|BELGIË / BELGIQUE / BELGIEN||BELGIUM|
|gewest/région/Region: Vlaanderen / Flandre / Flandern||region: Flanders|
|provincie/province/Provinz: West-Vlaanderen / Flandre-Occidentale / West-Flandern||province: West Flanders|
Brugge is the capital of the Belgian province of West Flanders and has a population of about 118,000. The medieval town centre was listed in 2000 as a UNESCO World Cultural Heritage site (see also list of other UNESCO heritage sites depicted on glasses of this collection) and in 2002 shared the title of European Capital of Culture with Salamanca.
Brugge was founded in 892 by Boudewijn (Baudouin, 'With the Iron Arm'), the first Count of Flanders. The name (Bruggas or Bruccia in the 9th century) is derived from the Norman word 'bryggia' which means 'bridge' or 'jetty'. At that time brugge was still connected to the North Sea by a firth named Zwin. Due to this favourable location Brugge devloped into a flourishing trading town during the 11th century and also became was the seat of a branch office of the Hanse federation of trading towns. In 1128 Brugge was chartered as a town. The main source of income at that time was clothmaking. The name of the merchant's family Van der Beurze (documented in Brugge between 1257 and 1457) is probably the origin of the words for stock exchange in Dutch/Flemish ('beurs'), German ('Börse') and other languages; the family's crest showed three moneybags (lat.: 'bursa').
During the 15th century the town was ruled by the Dukes of Burgundy and towards the end of the Middle Ages Brugge was the richest town of Europe. Towards the end of the 15th century, however, the Zwin firth began to silt up which initiated the decline of Brugge. The Burgundy court moved out, Emperor Maximimilian I withdrew several of the privileges of the town, and eventually Brugge lost its leading position to Antwerp. During the times of the Spanish rule (1524–1713) the town even impoverished. After the Spanish Brugge was ruled by Austria (1713–1795), France (1795–1815), and the Netherlands (until 1830). Even the industrialisation of the 19th century did not improve the situation.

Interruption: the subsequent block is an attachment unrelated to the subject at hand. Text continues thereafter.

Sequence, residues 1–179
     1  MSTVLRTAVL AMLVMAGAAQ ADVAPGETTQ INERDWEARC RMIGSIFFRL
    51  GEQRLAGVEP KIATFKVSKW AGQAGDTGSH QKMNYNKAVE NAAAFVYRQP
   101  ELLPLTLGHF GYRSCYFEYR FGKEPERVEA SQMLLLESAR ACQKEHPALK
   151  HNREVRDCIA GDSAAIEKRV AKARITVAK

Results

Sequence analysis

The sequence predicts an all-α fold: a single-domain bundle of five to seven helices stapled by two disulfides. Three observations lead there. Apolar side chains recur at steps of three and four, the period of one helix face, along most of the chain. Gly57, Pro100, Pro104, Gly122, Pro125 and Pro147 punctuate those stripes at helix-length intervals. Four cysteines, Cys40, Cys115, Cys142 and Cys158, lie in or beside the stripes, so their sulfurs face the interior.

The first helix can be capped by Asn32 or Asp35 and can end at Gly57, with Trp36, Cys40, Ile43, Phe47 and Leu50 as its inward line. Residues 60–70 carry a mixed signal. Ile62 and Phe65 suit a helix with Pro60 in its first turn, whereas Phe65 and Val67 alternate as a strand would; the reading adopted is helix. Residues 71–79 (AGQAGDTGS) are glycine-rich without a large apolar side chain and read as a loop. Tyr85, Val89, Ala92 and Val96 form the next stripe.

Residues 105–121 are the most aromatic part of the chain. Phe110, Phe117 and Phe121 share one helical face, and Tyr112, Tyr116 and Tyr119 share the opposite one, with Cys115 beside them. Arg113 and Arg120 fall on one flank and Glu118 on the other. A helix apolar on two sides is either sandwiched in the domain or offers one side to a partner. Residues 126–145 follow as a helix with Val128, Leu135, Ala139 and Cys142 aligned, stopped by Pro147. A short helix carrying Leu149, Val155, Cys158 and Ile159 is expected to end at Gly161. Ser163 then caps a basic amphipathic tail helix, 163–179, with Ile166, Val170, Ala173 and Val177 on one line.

It took until 1892, when the Belgian author Georges Rodenbach published his famous novel 'Bruges la Morte', that Brugge again gained widespread awareness. The book has also been the basis for Erich Wolfgang Korngold's famous opera 'Die Tote Stadt', composed in 1917–1919. New economical perspectives were only opened in 1907 with a canal that connected Brugge with the North Sea port of Zeebrugge. Today the centuries-long period of economical stagnancy is the basis of a new flourishing period as the medieval town centre has remained unchanged as has become one of the best-known and most rewarding tourist places in Europe.
The belfry (flem.: belfort, frech: beffroi, German Belfried) [background centre right] is a beloved landmark of Brugge. The tower was built in 1240. After a fire in 1280 it was rebuilt in 1296. After another fire in 1741 it was again restored in 1751. In 1822 the original spire which had topped the tower was replaced by a Gothic crown. The tower has a height of 83 m and is accessible to the public (one has to climb 366 steps). It offers a breathtaking panoramic view over the city. A carillon had been installed in the tower since the 16th century; in 1675 it consisted of 35 bells. After the fire of 1741 a new carillon with 47 bells (total weight 26 tons) was installed. It is still in use today.
The Provincial Court (Provinciaal Hof, Palais provincial) [far left] was built in Neo-Gothic style after a fire
in 1878 had destroyed a previous, Classicist, building. One part of the complex now is the seat of the governor of the province of West Flanders.